**Mick Dierdorff, 26, Boardercross

What do you do if someone falls during competition?

It pretty much happens every race, and I’ve been that person to fall plenty of times, too. That’s kind of the nature of the sport. You may be questioning a feature on a course – whether it’s safe or not – and you watch people go and detonate and you realize it’s not working out and something needs to change there. You’re riding next to people going 50 miles per hour sometimes. People can catch an edge and fly into you, or into the net. In the past, I was a lot more nervous, but it’s not something I really think about anymore. If you’re scared out there, you’re not gonna be fast. But you gotta be a little scared to keep yourself in control. It’s just a full adrenaline sport.

Under Another Flag

Steamboat Springs’ reputation spreads far beyond America’s borders. Wintersports athletes from around the world have heard about the city’s record number of Olympic alumni, and they move here to train on the heralded slopes of Howelsen Hill and the Steamboat Ski Area. It doesn’t hurt that Steamboat’s winter coincides nicely with summer in the Southern Hemisphere, which makes it easy for skiers and riders to train on snow year-round. And occasionally, when they go home, it’s as the proud bearers of their native country’s Olympic flag.

**Czech Republic - Ester Ledecká, 22, Alpine Snowboarding/Alpine Skiing

Steamboat Springs Winter Sports Club

Ester Ledecká took up skiing at age four, later added snowboarding to her repertoire, and has made a name for herself as one of the top Czech athletes to watch in the upcoming Winter Games. She was the first Czech to win the parallel giant snowboard slalom at the FIS Snowboard World Cup and won two gold medals at the 2013 Junior World Snowboard Championships. Ledecká missed qualifying for the Alpine skiing team by one spot at the Olympics in Sochi, but still competed in the parallel giant slalom event and finished seventh overall. In PyeongChang, she hopes to be the first athlete ever in Olympic history to compete in both skiing and snowboarding at the same Winter Games.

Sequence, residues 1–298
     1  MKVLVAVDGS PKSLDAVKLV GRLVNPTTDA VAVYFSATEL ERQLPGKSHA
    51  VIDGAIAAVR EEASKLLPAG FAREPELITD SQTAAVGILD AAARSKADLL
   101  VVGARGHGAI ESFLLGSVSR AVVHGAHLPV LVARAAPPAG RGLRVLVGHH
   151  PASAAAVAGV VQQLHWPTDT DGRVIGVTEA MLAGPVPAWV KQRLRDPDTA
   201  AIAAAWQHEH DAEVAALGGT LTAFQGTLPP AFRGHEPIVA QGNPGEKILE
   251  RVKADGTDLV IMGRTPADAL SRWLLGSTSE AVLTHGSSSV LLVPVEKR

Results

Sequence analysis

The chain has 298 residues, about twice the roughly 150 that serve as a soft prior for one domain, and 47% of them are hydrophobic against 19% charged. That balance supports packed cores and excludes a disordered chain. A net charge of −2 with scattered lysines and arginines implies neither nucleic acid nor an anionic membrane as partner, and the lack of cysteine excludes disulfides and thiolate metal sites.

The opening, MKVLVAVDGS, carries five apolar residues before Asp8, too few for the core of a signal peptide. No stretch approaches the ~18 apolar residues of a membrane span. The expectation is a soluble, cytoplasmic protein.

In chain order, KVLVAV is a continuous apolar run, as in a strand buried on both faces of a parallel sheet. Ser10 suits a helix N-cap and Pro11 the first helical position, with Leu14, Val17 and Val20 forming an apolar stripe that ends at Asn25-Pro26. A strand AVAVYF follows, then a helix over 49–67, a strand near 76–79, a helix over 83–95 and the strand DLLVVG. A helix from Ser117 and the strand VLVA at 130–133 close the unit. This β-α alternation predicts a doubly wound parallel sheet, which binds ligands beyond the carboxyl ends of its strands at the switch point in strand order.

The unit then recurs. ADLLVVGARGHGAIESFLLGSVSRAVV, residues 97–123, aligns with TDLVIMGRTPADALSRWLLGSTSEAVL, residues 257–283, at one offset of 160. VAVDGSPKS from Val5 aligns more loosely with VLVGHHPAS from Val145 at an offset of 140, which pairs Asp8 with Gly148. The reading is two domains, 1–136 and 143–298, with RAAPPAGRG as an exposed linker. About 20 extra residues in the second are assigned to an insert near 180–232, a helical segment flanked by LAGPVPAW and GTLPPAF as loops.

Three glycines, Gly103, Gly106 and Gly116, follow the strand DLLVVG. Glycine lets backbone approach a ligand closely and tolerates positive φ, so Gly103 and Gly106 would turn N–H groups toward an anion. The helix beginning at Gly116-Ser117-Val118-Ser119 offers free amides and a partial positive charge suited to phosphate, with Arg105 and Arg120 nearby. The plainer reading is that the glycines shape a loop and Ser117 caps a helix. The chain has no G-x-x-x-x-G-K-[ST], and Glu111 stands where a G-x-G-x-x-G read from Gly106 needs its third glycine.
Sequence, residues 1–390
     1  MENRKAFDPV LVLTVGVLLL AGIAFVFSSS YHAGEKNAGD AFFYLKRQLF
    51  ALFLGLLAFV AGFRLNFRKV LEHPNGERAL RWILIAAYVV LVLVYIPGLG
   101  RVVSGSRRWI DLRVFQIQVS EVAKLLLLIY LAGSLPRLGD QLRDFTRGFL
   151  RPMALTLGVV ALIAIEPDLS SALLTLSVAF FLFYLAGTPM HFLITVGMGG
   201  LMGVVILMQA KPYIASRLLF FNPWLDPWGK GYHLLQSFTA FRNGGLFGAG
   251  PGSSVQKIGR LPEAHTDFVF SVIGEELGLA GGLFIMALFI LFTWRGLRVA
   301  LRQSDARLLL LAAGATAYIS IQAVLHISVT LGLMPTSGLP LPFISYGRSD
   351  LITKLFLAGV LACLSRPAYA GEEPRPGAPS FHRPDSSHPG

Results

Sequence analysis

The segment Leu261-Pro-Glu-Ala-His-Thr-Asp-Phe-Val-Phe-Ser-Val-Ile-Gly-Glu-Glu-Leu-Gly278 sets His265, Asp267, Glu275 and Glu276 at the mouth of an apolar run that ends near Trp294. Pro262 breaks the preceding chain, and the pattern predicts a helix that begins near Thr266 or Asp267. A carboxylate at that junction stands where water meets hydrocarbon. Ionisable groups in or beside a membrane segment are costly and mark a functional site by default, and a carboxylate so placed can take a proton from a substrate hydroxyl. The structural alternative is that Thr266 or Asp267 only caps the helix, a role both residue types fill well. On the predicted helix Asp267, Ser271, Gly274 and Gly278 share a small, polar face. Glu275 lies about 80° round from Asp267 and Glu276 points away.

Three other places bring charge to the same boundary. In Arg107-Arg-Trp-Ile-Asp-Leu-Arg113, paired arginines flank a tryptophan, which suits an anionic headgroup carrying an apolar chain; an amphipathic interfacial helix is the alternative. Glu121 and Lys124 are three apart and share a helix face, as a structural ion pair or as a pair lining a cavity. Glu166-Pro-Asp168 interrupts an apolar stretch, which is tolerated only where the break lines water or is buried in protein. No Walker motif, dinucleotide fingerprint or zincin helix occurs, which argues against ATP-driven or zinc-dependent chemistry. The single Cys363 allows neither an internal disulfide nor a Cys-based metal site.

**Russia - Vic Wild, 31, Alpine Snowboarding

Steamboat Springs Winter Sports Club

Wild used to compete for the U.S., but opted to leave for Russia with his Russian snowboarder wife, Alena Zavarzina, after the U.S. Ski and Snowboard Association shut down its Alpine snowboarding program in 2010. Since then, Wild has become one of the top names in Alpine snowboarding, winning two gold medals when he competed for Russia at the 2014 Games in Sochi. Russia has been banned from the 2018 Winter Olympics due to state-sponsored doping, but Russian athletes are still permitted to compete under a neutral Olympic flag –  there’s still a possibility that Wild will shine again on the slopes of PyeongChang.